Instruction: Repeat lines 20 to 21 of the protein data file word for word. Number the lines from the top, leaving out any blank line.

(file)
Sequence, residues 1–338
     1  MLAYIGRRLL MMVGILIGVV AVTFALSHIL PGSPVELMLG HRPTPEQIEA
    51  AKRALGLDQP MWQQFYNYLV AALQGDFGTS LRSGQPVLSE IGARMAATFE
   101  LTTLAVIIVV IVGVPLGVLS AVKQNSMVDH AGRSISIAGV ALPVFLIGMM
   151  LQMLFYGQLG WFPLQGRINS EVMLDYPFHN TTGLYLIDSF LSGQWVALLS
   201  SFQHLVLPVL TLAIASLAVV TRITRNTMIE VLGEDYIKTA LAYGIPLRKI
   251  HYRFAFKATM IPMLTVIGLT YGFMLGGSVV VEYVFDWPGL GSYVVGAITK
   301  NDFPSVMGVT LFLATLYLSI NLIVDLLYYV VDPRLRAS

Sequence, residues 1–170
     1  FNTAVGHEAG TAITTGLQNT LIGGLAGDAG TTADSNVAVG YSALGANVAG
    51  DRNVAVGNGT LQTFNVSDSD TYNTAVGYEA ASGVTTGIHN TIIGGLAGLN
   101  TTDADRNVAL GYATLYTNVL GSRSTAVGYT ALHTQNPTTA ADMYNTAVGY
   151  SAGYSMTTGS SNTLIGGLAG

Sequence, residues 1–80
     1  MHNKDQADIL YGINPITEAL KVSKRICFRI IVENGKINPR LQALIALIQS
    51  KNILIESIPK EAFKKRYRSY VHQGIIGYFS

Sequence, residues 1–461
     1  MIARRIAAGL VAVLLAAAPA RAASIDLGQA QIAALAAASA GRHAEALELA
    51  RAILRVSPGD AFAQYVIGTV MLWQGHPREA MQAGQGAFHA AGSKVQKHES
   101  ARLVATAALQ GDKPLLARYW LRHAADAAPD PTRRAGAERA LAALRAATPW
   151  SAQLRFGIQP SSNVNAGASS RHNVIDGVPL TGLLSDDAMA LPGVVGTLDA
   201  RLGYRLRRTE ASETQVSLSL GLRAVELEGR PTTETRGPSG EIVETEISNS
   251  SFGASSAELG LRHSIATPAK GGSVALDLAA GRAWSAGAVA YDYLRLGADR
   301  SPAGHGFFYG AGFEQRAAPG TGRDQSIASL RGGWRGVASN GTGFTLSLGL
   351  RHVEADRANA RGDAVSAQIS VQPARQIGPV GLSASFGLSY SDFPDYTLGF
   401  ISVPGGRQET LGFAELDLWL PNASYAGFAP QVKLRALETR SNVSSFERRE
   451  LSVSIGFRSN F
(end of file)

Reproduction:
   101  ARLVATAALQ GDKPLLARYW LRHAADAAPD PTRRAGAERA LAALRAATPW
   151  SAQLRFGIQP SSNVNAGASS RHNVIDGVPL TGLLSDDAMA LPGVVGTLDA